Nan Whaley is a Dayton City Commissioner and endorsed by the Democratic Party, who says the economy will be her focus if she's elected mayor. Whaley says she has plans to bring jobs through leveraging the city's assets and will restore blighted neighborhoods by tearing down unlivable properties. Whaley also says a welcoming, vibrant community will attract people here. Whaley sat down in an interview with Emily McCord April 18, 2013 ahead of the Mayoral Primary May 7th, where she faces incumbent Gary Leitzell and Democrat A.J. Wagner.
A.J. Wagner is a former Montgomery County court judge and county auditor. He says his experience is what distinguishes him as a candidate for Dayton mayor and hopes to win the primary in May, as he challenges incumbent Gary Leitzell and Democrat Nan Whaley. WYSO's Emily McCord is interviewing all the candidates to learn more about them and their positions.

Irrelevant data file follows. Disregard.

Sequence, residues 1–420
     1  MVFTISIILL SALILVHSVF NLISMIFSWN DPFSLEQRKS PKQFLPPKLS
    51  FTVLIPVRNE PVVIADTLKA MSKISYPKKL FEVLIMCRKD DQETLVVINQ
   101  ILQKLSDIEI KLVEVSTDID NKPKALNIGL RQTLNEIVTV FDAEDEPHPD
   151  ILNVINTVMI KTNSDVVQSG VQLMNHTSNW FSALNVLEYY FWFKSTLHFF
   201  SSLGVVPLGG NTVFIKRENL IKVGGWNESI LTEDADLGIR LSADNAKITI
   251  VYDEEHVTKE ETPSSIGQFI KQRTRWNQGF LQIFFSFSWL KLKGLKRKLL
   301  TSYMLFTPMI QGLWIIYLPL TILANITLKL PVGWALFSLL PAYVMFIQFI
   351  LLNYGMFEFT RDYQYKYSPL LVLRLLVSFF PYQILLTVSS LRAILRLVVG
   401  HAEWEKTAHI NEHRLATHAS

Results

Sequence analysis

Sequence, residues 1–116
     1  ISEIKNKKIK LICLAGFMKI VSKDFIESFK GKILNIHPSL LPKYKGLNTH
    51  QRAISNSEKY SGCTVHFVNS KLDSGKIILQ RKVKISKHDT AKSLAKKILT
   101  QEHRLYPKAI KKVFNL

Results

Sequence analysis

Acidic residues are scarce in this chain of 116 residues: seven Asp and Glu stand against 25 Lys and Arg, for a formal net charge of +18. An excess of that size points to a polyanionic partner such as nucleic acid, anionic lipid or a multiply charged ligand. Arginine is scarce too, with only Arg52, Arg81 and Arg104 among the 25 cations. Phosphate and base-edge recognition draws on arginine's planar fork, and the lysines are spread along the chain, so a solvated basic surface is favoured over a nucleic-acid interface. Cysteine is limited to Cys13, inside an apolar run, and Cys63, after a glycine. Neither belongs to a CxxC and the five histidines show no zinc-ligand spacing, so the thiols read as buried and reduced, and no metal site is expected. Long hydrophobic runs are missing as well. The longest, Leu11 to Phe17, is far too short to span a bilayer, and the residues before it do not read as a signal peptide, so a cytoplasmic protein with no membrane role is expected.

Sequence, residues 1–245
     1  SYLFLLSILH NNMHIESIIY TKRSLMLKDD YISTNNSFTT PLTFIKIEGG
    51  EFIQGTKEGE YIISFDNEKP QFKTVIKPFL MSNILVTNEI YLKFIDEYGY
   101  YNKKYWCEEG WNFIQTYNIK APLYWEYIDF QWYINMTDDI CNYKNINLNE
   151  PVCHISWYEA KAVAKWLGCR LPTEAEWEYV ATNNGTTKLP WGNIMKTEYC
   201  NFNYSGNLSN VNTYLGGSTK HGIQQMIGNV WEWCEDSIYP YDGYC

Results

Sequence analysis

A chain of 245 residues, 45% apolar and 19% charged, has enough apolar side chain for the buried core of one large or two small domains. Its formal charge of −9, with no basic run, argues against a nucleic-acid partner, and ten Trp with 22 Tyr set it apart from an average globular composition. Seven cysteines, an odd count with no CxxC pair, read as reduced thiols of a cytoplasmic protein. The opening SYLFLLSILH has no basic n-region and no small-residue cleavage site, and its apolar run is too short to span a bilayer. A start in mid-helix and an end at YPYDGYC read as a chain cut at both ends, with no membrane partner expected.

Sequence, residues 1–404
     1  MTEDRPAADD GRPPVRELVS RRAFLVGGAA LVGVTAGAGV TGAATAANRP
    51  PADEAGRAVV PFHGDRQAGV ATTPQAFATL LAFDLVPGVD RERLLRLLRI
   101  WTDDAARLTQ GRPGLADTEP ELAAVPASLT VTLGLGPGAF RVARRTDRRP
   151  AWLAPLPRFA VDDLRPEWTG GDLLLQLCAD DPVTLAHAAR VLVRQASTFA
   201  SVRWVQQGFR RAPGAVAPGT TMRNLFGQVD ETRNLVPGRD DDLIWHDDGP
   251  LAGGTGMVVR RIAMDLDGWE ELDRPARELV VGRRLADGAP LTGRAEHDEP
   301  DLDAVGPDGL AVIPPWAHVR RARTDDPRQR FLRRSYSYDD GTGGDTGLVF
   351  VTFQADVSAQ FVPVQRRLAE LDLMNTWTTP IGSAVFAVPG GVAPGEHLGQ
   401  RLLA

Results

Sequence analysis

On May 7th, Dayton residents will go to the polls and vote in the primary for city mayor. Independent incumbent Gary Leitzell will face two Democratic challengers, AJ Wagner and Nan Whaley. WYSO's Emily McCord sat down with all three candidates to hear more about them and their positions and begins her series with Mayor Gary Leitzell.
Dayton’s plan to use aerial surveillance to address crime in the city has been shelved. City manager Tim Riordan says it will not pursue a $120 thousand contract with Persistant Surveillance Systems Inc., a company that would have provided manned aircraft to monitor crime above the city. Riordan made his remarks at Wednesday's commission meeting.
The Dayton City Commission is considering a contract with a company that provides aerial surveillance for the city to monitor crime. It’s created controversy with civil rights groups and local citizens who say this is potential violation of privacy. Emily McCord speaks to Dayton Police Chief Richard Biehl about the technology and its implications.